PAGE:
Do something in the world: Youth ministry and ecology

April 18th, 2018

The celebration of Earth Day each spring gives Christians an opportunity to consider God's good creation and our stewardship of it. This year, Earth Day falls on Sunday, April 22nd. This article was first published in Circuit Rider and appeared on Ministry Matters on November 13, 2015. 

Youth ministry is an opportunity for a church to exhibit its true character. In some cases, the church is afraid to let young people live out their passions in the midst of the life of the congregation. In others, anxiety-driven youth ministries build a Christian cocoon for comfortable, unthinking faith that avoids tough experiences and hard questions. But there are bright spots: faith communities that invite young people to bring every aspect of their lives, their fears, and their doubts into the community’s wrestling in faith. Youth ministry that chooses to engage young people in troubling questions and big challenges witnesses to the possibility of a lifelong journey in faith.

A significant challenge facing all of us—especially young people and the generations yet to be born—is the fact that we live on a finite planet with limited resources. Humans have overreached the beautifully balanced systems that sustain us. Our appetites have outstripped our resources. These ecological challenges include diminishing water quality, soil loss, deforestation, species extinction, ocean acidification, climate change, and other symptoms of unlimited ambition in a finite place. Recent governmental and international scientific reports have moved from speaking about slowing the effects of ecological devastation to what it might take for human beings and other species to adapt to a more challenging world.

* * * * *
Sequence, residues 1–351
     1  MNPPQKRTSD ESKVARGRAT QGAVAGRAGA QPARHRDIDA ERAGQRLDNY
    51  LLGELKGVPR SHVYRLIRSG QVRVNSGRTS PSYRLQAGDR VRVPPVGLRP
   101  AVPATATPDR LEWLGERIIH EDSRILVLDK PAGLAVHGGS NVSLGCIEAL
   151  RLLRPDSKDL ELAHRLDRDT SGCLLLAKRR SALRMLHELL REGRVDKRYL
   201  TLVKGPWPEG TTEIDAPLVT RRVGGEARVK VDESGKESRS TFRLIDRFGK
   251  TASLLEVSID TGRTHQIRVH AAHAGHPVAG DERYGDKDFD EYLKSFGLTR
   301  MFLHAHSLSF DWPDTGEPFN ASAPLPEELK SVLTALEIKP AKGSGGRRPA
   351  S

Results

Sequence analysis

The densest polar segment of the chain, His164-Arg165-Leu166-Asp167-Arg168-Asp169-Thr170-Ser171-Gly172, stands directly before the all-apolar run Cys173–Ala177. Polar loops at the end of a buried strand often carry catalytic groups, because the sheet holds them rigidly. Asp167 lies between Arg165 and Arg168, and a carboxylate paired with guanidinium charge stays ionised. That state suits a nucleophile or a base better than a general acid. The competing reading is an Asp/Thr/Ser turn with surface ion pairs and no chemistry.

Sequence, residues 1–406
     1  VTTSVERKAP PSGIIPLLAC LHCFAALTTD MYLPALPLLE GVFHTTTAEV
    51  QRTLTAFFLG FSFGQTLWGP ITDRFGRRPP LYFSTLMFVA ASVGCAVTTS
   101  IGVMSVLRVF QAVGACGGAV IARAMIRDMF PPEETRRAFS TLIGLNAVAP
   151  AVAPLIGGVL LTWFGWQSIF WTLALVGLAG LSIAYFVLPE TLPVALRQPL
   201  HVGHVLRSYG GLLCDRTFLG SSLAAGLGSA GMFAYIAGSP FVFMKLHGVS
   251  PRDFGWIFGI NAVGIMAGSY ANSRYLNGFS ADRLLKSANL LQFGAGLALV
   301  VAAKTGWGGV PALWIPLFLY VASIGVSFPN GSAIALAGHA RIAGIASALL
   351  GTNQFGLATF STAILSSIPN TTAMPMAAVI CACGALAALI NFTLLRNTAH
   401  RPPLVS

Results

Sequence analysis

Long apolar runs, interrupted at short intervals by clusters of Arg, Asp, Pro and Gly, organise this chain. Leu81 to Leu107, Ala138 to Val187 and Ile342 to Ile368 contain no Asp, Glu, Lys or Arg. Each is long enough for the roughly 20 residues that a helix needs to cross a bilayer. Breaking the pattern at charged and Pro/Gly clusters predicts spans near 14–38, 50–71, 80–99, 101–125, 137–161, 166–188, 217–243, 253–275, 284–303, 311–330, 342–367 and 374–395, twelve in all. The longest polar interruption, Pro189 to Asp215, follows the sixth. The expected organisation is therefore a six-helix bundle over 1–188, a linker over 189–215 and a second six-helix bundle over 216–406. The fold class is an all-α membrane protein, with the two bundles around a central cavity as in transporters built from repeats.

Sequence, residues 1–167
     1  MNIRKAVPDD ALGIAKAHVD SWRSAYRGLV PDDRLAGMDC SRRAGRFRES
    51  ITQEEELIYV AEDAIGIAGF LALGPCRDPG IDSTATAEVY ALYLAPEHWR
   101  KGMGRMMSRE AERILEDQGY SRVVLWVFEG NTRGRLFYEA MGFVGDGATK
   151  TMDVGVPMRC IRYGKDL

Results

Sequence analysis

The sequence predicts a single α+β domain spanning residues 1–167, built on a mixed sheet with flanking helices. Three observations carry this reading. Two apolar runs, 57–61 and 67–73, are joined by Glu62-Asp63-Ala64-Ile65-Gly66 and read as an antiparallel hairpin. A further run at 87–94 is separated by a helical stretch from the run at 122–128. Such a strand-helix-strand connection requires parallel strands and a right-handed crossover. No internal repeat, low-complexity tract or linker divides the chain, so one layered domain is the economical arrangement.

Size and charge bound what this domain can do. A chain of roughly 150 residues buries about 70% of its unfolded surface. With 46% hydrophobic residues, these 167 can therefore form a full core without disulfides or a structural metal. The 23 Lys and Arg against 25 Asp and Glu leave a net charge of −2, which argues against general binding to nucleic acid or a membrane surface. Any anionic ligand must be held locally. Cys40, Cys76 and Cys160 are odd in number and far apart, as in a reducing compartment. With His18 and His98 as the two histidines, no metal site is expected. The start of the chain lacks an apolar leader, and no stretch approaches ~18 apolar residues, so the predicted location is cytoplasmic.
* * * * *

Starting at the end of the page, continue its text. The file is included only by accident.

An essential question rising out of this realization is, will we choose to limit our personal appetites in order to allow for all life to thrive? Learning to discipline our appetites is at the heart of the ancient virtues of the Christian faith. Western cultural expressions of Christianity have had difficulty manifesting or supporting the cultivation of these virtues. However, it’s time to call the church and its practice of ministry with youth to a sustainable foundation. The questions facing youth ministry include: How can we shape ministries with young people that help all creatures thrive? What beliefs, practices, and structures of discipleship sustain life? What beliefs, practices, and structures diminish the capacity for life to thrive?

Youth ministry can become a space where young people and the church join together to imagine how we can live out our faith in a harsher world. The first step is learning to reread sacred scripture through a lens that identifies our place in the world as God’s creatures in creation. Creation narratives have been used to support the idea that we were created to exploit God’s good gift, as if creation’s goodness is defined by what we use and not by God’s initiative. Human beings have a special place in stewarding God’s creation. The good world into which we are created is the context for our thriving relationships with our fellow creatures. In our reading of Genesis 1:1–2:3, stewardship is revealed as responsibility and nurture, not dominance and exploitation.

The second step is relearning—or possibly learning for the first time—the vocabulary that names the world we inhabit. Encourage young people (and everyone) to go outside and learn the names of the plants, animals, and minerals where you live. What types or species are the indicators of a healthy ecosystem in this place? Once they’ve learned the names of species common to their local context, they should begin to learn those in their region, and then the names of life in the greater world. The creation texts start human vocation by naming all the life that God has created; learning the diversity of life surrounding us is a step back into this vocation.